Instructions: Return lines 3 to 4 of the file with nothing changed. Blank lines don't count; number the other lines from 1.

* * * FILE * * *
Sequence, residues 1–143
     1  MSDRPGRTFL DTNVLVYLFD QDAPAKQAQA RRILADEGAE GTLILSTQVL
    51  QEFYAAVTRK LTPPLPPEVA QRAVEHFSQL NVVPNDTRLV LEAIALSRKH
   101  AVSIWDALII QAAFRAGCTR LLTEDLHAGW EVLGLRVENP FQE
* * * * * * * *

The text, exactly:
    51  QEFYAAVTRK LTPPLPPEVA QRAVEHFSQL NVVPNDTRLV LEAIALSRKH
   101  AVSIWDALII QAAFRAGCTR LLTEDLHAGW EVLGLRVENP FQE